by Freq | 2018-01-19T15:19:51+00:000000005131201801 15:19
Releasing records on and off since 1993, Jo Zimmerman has found another new home on the eternal home for musical explorers Bureau B. His first Schlammpeitziger album since 2014’s What’s Fruit? finds him in less of a disco place, with the beats a little slower — but the vibe still as deliciously idiosyncratic and strangely surreal as ever.
Opener “Ekirlu Kong” finds him heaping praise upon one lucky lady, possibly, but his way with a compliment had me smiling all day; at one point he describes his love’s hair as “like a hazelnut helmet” and later mentions that “your farts smell like the breath of a rainbow unicorn”(!). He draws attention to her eating habits as we are seduced by a cocktail of ’80s synth sounds dressed up with jungle bird noises, monkey sounds with everything sitting atop an eccentric yet leaden beat. There is a romantic feel to the breezey background sounds and ,really, all of this squeezed into the opening track is quite ridiculous.There is something positive and upbeat about “Bock Bounceburg”, and why wouldn’t it be with a title like that? There is a childlike wonder to some of the sounds, and the constant beat brings to mind a surreal keep-fit soundtrack for twelve-year-olds. The sort of thing that would be on the television at six o’clock in the morning to keep hyperactive nippers out of trouble. “Damenbartblick” continues in a similar vein, but the synthetic whining sounds add a strangely yearning kind of air to the track. Interestingly, only three of the eight tracks here have vocals and the deadpan delivery of “Angerrestbay” brings to mind David Byrne‘s spoken word piece “Seen And Not Seen” from Remain In Light. Here the protagonist is suggesting that you should be able to “change your colour when you smile”, and how this might benefit your social interactions. The slightly eerie monotone delivery sits at odds to the clipped, trebley guitar riff, which lends a new wave kind of feel.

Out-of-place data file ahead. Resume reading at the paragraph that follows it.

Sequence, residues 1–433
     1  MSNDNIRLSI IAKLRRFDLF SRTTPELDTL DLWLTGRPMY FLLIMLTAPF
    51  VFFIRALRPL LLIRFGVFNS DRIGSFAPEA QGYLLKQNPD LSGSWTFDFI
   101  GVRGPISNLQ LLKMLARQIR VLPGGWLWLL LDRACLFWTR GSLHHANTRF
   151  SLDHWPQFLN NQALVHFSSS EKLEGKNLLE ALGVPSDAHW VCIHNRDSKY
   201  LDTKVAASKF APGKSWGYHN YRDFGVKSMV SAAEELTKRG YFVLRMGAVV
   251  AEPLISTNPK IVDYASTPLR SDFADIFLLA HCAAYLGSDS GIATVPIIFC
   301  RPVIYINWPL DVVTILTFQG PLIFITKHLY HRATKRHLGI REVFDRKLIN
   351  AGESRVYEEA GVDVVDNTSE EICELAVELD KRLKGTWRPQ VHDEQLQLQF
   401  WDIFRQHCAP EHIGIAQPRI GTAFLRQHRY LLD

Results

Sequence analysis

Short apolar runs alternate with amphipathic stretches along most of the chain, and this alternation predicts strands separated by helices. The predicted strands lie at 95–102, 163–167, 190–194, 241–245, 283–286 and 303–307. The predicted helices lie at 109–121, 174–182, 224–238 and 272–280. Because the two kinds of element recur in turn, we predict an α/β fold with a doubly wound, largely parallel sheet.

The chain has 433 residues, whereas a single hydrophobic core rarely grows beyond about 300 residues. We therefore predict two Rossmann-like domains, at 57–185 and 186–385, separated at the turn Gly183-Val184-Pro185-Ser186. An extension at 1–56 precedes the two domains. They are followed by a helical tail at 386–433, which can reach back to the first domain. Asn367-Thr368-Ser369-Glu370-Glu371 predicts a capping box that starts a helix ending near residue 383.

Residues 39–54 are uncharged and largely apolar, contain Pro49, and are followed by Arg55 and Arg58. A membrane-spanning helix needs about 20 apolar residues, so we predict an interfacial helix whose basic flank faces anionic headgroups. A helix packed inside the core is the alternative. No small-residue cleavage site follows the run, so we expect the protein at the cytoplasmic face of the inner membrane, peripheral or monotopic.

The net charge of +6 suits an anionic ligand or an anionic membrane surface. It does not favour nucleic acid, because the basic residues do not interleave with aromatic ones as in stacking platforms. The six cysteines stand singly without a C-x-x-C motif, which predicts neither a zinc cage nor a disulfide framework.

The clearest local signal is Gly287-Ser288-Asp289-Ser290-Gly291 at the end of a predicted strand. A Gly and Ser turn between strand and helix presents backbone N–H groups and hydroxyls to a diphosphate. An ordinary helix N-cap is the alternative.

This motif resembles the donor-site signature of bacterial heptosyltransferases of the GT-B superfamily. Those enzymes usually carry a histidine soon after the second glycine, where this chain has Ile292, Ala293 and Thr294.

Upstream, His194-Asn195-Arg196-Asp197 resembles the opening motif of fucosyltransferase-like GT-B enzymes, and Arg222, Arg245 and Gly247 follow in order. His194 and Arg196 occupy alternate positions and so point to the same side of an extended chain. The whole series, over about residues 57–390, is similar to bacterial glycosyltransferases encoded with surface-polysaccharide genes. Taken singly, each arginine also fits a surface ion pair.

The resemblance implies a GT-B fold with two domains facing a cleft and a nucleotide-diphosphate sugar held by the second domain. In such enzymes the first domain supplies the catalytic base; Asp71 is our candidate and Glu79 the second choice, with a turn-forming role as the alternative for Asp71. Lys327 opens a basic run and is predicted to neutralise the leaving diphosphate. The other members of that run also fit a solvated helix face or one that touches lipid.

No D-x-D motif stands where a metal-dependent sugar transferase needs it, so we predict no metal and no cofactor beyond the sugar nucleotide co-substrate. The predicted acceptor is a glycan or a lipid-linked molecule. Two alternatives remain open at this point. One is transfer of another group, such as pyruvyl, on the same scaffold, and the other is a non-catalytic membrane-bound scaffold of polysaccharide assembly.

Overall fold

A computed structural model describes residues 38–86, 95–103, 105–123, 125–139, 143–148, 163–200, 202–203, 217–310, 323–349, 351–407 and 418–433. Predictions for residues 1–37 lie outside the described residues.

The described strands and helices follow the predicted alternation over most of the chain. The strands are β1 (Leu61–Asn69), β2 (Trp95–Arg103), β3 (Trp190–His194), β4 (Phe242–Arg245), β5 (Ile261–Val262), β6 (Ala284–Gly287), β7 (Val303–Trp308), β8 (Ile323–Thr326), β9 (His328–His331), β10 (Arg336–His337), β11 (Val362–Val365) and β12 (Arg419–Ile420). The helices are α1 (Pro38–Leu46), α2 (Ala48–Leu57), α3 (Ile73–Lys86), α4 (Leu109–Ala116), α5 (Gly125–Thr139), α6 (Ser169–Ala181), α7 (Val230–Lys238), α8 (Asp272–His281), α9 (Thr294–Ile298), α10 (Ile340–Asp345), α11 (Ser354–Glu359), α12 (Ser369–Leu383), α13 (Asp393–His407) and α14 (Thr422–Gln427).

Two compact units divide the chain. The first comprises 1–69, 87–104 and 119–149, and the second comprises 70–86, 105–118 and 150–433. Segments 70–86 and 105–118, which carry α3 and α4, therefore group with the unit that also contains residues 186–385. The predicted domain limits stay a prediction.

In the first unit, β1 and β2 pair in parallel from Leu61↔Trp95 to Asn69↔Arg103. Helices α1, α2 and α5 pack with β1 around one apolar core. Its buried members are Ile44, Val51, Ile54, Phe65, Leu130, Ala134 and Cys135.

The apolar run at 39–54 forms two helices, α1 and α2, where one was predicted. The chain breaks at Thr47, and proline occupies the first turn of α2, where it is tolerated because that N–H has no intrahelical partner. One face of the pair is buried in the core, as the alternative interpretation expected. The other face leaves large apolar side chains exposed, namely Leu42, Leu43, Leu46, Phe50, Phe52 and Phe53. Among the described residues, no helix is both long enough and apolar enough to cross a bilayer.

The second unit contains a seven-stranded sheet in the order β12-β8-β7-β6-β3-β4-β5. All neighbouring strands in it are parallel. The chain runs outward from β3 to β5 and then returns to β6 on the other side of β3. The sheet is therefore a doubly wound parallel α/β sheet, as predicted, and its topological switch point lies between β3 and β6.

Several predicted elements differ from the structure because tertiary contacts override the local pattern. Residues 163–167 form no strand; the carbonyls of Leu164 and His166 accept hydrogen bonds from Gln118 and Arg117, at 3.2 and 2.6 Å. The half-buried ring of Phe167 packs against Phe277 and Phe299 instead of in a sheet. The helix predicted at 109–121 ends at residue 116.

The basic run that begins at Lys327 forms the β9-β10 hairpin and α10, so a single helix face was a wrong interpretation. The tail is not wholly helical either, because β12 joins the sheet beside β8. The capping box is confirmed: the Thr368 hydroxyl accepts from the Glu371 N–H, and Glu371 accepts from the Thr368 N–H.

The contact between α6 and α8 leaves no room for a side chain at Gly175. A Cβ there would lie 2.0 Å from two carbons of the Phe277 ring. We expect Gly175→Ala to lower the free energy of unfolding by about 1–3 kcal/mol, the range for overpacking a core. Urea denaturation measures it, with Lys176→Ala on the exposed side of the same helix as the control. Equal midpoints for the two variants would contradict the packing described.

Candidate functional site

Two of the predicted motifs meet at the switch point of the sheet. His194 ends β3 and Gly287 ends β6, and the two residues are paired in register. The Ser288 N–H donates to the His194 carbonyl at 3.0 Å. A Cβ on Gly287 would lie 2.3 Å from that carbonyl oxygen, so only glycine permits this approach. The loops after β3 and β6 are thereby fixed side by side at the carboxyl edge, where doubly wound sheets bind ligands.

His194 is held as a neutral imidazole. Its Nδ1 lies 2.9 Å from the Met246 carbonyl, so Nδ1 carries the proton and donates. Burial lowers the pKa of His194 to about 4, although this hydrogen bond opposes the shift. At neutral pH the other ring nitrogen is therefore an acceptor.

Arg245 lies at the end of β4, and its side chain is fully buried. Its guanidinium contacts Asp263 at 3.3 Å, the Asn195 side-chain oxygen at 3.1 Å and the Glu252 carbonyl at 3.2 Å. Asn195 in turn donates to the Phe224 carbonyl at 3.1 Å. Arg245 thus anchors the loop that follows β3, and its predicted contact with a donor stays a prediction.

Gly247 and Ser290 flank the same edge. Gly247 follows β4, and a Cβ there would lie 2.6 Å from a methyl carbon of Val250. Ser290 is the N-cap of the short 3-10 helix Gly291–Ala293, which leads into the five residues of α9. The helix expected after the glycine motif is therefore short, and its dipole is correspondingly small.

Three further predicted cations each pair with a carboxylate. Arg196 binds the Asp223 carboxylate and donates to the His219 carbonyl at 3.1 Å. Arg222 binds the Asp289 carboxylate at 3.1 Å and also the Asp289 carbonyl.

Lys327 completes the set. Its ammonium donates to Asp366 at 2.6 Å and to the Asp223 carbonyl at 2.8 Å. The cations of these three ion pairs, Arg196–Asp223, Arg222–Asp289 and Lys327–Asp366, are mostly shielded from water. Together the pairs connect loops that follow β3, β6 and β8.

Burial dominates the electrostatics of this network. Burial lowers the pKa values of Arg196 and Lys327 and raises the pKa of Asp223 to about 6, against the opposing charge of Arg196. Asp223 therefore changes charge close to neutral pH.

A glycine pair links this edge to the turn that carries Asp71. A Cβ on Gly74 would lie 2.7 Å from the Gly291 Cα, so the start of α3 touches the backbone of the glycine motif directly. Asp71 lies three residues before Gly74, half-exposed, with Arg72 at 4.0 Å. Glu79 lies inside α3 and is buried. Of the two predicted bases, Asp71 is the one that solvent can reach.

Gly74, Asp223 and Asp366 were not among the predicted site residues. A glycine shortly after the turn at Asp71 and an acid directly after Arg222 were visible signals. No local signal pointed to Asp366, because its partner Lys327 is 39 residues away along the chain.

Elsewhere, the Kraftwerkian “Smooth Motion Kaukraut” is relentless in its drive, while the brash electropop parps and factory rhythm of “Kandierter Tammerlochlappen” enclose a joyful and childlike glee. In the closer “What I Got” we learn that “What I got is what you need and what you need is what I want”. Whether the subject of this track is the unicorn’s breath farter we don’t know, but it is a relaxed and gentle way to end an album full of sensory delights. There is an air of warm sunset to this final track; an Ibiza chill-out slowed to a crawl, sepulchral organ notes hanging in the air like the final heat haze of the day. Watch as the golden sun drifts into the mildly swelling ocean, a smooth drink resting beside you as you soak up the last of the day’s rays.Once again, Schlammpeitziger has summoned the coolest of vibes and the dreamiest of surreal landscapes from a series of wheezing keyboards and toytown instruments. His deft use of vocals adds humour and an extra layer of joy to the already vibrant soundscapes. Its’ been three years since the last one, but well worth the wait.
Source URL: http://freq.org.uk/reviews/schlammpeitziger-damenbartblick-auf-pregnant-hill/
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